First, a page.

I expect that some of you recognise the allusion in the title of my blog. It’s to Lewis Carroll, of course, in Alice’s Adventures in Wonderland.
‘and what is the use of a book’, thought Alice, ‘without pictures or conversations?’
I’ve always liked this quote and I do agree with Alice. I think she’s right both literally and metaphorically.
Judging for the Kate Greenaway Medal opened a whole new world of books for me. Up until then I hadn’t paid all that much attention to picture books. I’d bought them for the library and occasionally for the children of friends but I hadn’t really studied them. Some of my fellow judges were real experts on the subject and I learnt so much from them about how illustration (not just in picture books but in any book) enhances the reading experience. I love the way the words and pictures in a book can tell different stories as in Guess Who’s Coming for Dinner by John Kelly and Cathy Tincknell. And I am enchanted by the 1920s’ style used by Shirley Hughes in Ella’s Big Chance.
My enjoyment of a novel is definitely affected by the dialogue. I don’t necessarily like a novel because it has lots of conversations but I do struggle if there are few. I think that the reader learns so much about characters from the conversations they have and is more easily drawn into their world. The opening lines of Louisa M Alcott’s Little Women is a classic case in point.
But the ‘pictures and conversations’ thing is true too metaphorically. Good books paint pictures in the mind. As a child, I was steeped in the Chalet School books of Elinor Brent-Dyer, especially those set in Austria. I was in my late twenties before I ever went to the Achensee, the real-life setting of the early books in the series, but I had a remarkably accurate idea of what the lake and its surrounding villages looked like. Equally, I have never visited Vienna but, having read The Star of Kazan by Eva Ibbotson, I feel as though I have! I can see, too, Anne Shirley cracking her slate over Gilbert Blythe’s head in the Avonlea school (and I could before ever I saw either the BBC’s excellent adaptation of LM Montgomery’s book or Kevin Sullivan’s equally brilliant offering).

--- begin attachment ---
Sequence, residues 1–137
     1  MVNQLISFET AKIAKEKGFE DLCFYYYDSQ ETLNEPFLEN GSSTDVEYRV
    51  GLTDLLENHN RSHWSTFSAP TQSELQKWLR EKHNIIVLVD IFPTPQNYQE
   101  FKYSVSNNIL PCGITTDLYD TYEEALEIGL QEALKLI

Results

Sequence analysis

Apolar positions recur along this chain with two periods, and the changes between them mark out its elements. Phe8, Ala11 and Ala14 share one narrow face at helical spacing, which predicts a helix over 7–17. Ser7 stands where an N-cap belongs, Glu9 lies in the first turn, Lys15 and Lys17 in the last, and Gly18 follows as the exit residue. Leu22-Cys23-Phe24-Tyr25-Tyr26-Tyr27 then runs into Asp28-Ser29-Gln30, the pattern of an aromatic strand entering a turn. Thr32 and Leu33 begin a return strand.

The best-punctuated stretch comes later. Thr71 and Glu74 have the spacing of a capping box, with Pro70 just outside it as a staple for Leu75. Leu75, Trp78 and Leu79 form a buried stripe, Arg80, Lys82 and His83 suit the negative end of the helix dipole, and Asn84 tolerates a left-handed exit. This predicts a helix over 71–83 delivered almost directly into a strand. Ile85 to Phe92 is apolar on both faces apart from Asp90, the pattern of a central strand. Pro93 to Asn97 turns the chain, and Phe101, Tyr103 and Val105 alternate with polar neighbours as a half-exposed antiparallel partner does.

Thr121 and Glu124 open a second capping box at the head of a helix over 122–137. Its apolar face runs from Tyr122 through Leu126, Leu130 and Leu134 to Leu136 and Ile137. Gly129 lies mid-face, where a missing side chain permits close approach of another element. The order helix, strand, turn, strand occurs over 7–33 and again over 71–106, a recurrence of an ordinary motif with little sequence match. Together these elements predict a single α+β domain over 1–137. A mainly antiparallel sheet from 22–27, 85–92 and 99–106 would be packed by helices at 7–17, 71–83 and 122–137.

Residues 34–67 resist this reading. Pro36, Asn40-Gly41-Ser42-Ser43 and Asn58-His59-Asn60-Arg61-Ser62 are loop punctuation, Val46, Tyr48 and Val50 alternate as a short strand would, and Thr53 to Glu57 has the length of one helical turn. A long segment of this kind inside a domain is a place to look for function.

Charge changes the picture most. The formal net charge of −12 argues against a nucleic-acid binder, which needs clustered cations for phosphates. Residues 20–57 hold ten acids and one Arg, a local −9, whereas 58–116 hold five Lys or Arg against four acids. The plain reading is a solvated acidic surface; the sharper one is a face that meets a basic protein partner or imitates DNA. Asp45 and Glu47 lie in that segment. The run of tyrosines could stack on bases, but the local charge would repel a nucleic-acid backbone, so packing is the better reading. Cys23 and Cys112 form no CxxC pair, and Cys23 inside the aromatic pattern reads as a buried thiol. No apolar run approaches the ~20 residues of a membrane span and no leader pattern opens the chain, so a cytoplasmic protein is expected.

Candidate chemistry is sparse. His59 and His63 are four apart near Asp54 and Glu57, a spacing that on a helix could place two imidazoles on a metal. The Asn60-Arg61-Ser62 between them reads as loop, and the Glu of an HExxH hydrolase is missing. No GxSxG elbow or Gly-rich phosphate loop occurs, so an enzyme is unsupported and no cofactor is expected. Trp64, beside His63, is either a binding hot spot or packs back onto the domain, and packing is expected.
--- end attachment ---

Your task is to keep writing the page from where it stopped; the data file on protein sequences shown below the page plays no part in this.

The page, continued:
And a book with any lasting impact will always engage me in a debate – often with myself but sometimes with others! It might be about the plot or characters or it could cause me to ponder the themes and issues raised. One such book was The Garbage King by Elizabeth Laird which had a huge impact on me when I first read it. Set in modern Ethiopia, it contrasts (but, oh, so subtly) the lives of two boys from opposite ends of the social scale. It stayed in my head for ages afterwards. I’ve even been known to debate books with their authors. As a teenager, I wrote to Joan Lingard (and received a reply) to remonstrate with her about the way she ended her Maggie quartet. And whenever I see Linda Newbery I try, with no real hope of success, to persuade her to write a sequel to the excellent Sisterland because I so much want to know what happens to all the characters.
So, yes, for me there is no use of a book without pictures and conversations.